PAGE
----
The commercial capital of Burma (Myanmar), Yangon is a compelling mix of golden pagodas, colonial architecture, hastily-erected scaffolding and history-stained streets. As the country shifts towards a democracy, with the military government softening the controls they brutally exercised over the last half-century, massive change is underway. New cars clog Yangon's roads, media and human rights workers cover long-ignored issues, and businesspeople and tourists stream into the city, hoping to make a buck and get a glimpse of a city that seems to have been trapped in time.
Yangon was the British colonial capital until Burma's independence in 1948, and it was the independent country's capital until 2005 (the official capital is now Naypyidaw). Located at the confluence of two rivers just before they empty out to the Andaman Sea, it has a large harbour -- the country's principal port -- and enjoys a much-needed coastal breeze. The city can get very hot and very wet; the hot season sizzles from February till June, with average high temperatures close to 40 degrees Celsius, while the monsoons hit from June until October. November through February sees an average temperature of around 30 degrees Celsius and, weather-wise, is by far the best time to visit.
The city hosts the largest number of intact colonial buildings in Asia, although some might argue about the definition of "intact". The poorly maintained, crumbling buildings reflect a colourful history while providing a backdrop to the vibrant energy of Yangon's daily street life, bustling at their foundations. Yangon's tourist infrastructure is straining, while power outages remain common, footpaths mimic rubble and essentials elsewhere such as access to the internet remain unreliable luxuries at best.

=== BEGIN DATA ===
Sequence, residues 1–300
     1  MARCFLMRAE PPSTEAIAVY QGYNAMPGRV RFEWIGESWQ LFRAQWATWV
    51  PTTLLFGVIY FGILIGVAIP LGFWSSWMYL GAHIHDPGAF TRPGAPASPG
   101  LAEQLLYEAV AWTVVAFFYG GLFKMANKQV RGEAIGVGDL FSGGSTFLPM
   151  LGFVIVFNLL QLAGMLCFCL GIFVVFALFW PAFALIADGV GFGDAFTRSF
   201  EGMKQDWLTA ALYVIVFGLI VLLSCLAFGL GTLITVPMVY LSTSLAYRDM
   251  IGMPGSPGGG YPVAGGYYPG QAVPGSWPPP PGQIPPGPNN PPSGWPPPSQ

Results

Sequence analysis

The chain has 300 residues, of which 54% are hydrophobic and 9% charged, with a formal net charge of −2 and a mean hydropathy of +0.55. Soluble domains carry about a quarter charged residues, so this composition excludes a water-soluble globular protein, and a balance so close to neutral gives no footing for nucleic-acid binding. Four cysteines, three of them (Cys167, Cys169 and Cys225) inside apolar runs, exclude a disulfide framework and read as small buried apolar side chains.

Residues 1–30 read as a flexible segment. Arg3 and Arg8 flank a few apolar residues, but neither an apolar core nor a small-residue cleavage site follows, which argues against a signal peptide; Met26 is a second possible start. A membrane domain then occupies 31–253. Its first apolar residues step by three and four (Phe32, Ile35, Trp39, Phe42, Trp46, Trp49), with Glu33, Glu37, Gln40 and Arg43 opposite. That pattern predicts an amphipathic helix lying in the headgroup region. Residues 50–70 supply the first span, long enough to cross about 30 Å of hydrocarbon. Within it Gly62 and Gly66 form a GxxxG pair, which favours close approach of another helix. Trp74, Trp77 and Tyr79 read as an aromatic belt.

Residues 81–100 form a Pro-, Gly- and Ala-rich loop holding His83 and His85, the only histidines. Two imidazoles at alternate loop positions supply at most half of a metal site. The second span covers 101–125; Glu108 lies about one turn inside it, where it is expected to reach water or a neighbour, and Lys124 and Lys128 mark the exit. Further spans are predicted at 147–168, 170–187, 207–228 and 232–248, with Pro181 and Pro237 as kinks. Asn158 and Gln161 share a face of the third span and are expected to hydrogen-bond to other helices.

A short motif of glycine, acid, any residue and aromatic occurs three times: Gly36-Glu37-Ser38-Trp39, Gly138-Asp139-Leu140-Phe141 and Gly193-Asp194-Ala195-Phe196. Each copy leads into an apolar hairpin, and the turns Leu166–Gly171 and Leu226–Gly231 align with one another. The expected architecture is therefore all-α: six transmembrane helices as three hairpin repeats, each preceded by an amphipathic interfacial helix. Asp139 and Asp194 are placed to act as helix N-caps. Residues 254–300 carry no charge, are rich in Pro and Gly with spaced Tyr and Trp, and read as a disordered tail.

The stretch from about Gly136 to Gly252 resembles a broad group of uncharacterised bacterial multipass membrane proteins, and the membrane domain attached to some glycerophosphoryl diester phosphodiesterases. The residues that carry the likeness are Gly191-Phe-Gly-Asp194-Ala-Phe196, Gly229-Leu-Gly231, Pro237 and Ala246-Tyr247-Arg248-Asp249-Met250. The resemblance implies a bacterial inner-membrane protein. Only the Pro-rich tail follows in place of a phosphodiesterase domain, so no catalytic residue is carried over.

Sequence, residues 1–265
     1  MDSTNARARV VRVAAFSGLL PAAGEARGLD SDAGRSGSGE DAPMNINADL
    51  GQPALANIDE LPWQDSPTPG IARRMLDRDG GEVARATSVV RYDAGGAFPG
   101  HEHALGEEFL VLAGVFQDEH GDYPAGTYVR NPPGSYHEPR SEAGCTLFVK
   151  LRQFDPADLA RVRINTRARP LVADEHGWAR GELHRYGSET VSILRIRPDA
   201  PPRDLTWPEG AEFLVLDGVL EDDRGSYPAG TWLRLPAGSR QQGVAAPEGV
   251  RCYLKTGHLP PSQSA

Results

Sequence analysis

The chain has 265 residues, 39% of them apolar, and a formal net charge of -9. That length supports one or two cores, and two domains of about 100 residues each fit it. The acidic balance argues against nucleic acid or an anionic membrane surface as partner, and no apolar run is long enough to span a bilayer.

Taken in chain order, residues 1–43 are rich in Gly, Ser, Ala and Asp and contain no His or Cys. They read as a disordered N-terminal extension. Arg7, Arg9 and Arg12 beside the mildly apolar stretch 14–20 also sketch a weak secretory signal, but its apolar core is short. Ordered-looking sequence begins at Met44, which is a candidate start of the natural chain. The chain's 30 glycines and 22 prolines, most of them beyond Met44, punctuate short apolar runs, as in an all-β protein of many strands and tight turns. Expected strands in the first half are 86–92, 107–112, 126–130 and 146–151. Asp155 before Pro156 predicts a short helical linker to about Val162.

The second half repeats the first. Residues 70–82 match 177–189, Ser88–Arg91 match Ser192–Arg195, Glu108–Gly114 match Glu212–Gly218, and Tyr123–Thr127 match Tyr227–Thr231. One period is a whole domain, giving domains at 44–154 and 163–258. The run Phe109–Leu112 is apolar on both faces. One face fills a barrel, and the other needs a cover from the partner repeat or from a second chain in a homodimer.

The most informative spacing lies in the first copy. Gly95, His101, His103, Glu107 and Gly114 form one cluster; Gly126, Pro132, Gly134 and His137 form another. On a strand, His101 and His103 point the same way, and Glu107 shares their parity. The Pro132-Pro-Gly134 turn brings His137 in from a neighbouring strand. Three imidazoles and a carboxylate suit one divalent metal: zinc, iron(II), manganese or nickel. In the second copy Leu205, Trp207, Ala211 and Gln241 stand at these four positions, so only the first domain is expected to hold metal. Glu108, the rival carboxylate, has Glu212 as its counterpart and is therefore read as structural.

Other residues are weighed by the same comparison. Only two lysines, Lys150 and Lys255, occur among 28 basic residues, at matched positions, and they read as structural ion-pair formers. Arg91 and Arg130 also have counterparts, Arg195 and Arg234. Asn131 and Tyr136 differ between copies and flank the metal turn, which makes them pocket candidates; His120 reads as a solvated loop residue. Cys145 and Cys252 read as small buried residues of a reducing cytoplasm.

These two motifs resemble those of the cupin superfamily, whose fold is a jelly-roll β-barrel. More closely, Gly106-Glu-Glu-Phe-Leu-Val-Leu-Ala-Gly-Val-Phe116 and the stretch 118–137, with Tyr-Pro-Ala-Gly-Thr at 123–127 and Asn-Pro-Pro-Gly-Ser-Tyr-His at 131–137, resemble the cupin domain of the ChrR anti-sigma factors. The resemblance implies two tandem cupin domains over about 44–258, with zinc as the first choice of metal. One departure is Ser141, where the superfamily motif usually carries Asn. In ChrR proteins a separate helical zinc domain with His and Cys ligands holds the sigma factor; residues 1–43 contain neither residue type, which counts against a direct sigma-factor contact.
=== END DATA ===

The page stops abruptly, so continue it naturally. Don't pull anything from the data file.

Buddhist monks and nuns somehow blend into the crowded streets, drawing attention during their morning alms walks, with their sometimes block-long lines. Pagodas are abundant, but none is so famous as the one sitting atop a hill in the middle of Yangon: Shwedagon Pagoda is a must-see.
Housing one of the two main airports to fly into Burma, Yangon may provide a bit of culture shock and awe. For one, you may be shocked at how awful the traffic is; the poor roads are made worse by an old law that makes two-wheeled vehicles illegal in the city. That's right: an Asian city of nearly 5 million people does not allow motorbikes or bicycles to be legally ridden, though crazy foreigners seem to be exempt from the rule. Bicycle rentals are now possible but taxis rule as the dominant vehicle. Traditional trishaws eke out an existence and buses are packed with nervous commuters as privatised bus companies race each other to the next stop.
Browse our independent reviews of places to stay in and around Yangon or check hotel reviews on Agoda and Booking . Hungry? Read up on where to eat on Yangon. Want to know what to do once you're there? Check out our listings of things to do in and around Yangon. If you're still figuring out how to get there, you need to read up on how to get to Yangon.
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